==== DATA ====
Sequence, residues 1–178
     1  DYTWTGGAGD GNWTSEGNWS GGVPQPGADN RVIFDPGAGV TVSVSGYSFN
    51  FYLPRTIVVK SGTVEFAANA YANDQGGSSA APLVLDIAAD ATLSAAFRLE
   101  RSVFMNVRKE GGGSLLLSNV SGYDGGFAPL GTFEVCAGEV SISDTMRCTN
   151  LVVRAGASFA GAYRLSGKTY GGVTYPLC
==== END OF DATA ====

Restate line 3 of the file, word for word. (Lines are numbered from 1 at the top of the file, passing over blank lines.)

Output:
    51  FYLPRTIVVK SGTVEFAANA YANDQGGSSA APLVLDIAAD ATLSAAFRLE